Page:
Local governance subsists in the Exarchs of Khead and Triad in those cities and their immediate surrounds. Opios is managed by a Steward who reports directly to the Grand-Patriarch and acts in his name and with his approval. Rural regions are governed through local temple fiefs via their high priests, or under noble estates. These High Priests, or local lords manage their affairs under the general oversight of the respective exarchate they come under, or the Steward of Opios. The prerogatives of these fieflords are governed by the laws of state, which regulate the mutual obligations that exist between the high authorities and the commons.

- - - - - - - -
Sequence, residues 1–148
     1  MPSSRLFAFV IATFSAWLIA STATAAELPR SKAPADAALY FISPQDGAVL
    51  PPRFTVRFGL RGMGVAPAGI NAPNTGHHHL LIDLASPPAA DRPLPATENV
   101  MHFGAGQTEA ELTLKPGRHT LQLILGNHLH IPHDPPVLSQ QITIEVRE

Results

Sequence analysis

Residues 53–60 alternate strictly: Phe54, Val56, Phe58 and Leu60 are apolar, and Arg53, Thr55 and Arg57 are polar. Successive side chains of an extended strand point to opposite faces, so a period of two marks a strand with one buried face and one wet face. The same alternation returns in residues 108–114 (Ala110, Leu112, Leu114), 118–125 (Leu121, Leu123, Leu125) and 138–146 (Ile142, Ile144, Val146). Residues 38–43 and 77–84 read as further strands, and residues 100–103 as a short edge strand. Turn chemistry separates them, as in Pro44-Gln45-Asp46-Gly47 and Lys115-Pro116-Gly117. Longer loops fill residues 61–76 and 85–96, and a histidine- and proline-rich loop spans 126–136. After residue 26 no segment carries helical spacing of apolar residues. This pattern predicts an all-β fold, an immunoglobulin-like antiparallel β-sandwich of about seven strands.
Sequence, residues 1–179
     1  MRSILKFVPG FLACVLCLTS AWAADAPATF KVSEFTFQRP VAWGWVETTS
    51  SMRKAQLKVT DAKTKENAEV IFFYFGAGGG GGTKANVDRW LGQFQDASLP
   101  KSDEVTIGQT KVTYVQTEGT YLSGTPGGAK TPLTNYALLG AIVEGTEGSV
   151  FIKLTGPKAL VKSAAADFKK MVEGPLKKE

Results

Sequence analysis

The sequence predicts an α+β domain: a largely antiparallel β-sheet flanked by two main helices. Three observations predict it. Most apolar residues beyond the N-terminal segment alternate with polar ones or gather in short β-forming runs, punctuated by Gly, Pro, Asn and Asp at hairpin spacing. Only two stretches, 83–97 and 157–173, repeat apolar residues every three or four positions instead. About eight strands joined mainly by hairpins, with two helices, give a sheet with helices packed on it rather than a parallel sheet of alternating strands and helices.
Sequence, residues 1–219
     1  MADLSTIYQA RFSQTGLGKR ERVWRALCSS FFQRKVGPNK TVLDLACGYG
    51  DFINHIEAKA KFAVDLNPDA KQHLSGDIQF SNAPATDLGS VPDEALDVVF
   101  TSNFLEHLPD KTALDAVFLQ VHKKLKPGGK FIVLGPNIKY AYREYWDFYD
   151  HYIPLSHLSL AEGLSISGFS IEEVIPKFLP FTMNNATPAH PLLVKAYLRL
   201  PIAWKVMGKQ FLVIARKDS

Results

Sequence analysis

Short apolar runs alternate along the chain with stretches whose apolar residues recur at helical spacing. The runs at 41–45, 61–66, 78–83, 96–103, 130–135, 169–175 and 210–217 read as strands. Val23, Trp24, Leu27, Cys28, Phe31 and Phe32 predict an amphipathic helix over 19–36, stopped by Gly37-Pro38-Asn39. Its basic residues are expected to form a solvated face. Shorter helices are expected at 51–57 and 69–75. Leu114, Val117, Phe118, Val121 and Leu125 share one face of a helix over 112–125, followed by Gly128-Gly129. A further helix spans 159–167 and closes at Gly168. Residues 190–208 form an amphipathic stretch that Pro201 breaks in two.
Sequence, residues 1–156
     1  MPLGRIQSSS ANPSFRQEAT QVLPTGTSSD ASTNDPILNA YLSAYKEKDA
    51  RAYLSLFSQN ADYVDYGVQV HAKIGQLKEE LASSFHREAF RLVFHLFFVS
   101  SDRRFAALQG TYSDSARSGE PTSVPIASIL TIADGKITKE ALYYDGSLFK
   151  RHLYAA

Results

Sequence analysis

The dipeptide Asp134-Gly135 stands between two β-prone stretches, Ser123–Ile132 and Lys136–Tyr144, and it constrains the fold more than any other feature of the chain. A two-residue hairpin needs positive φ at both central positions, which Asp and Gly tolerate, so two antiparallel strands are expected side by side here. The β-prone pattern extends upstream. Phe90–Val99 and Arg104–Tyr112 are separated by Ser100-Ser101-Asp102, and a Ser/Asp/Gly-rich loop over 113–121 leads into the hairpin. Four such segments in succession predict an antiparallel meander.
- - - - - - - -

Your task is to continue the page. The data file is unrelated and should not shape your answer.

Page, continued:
SocietyEdit

The society of the Church state paradoxically remains one of the most cosmopolitan, yet traditional societies in the cradle. Outside of Opios the land follows the pattern it has followed since the rise of thearak, with noble lords and temples dominating the landscape with the peasants following the cycle of the seasons. The people are predominantly liealb and speak the vernacular liealb language, eat liealb cuisine, and tell the ancient stories of that people. Elephants with gilded tusks parade through the fields and streets in procession on the new year as per ancient custom, medicine men with daggers of copper and powdered rhinoceros horn travel town to town peddling their cures as they always have.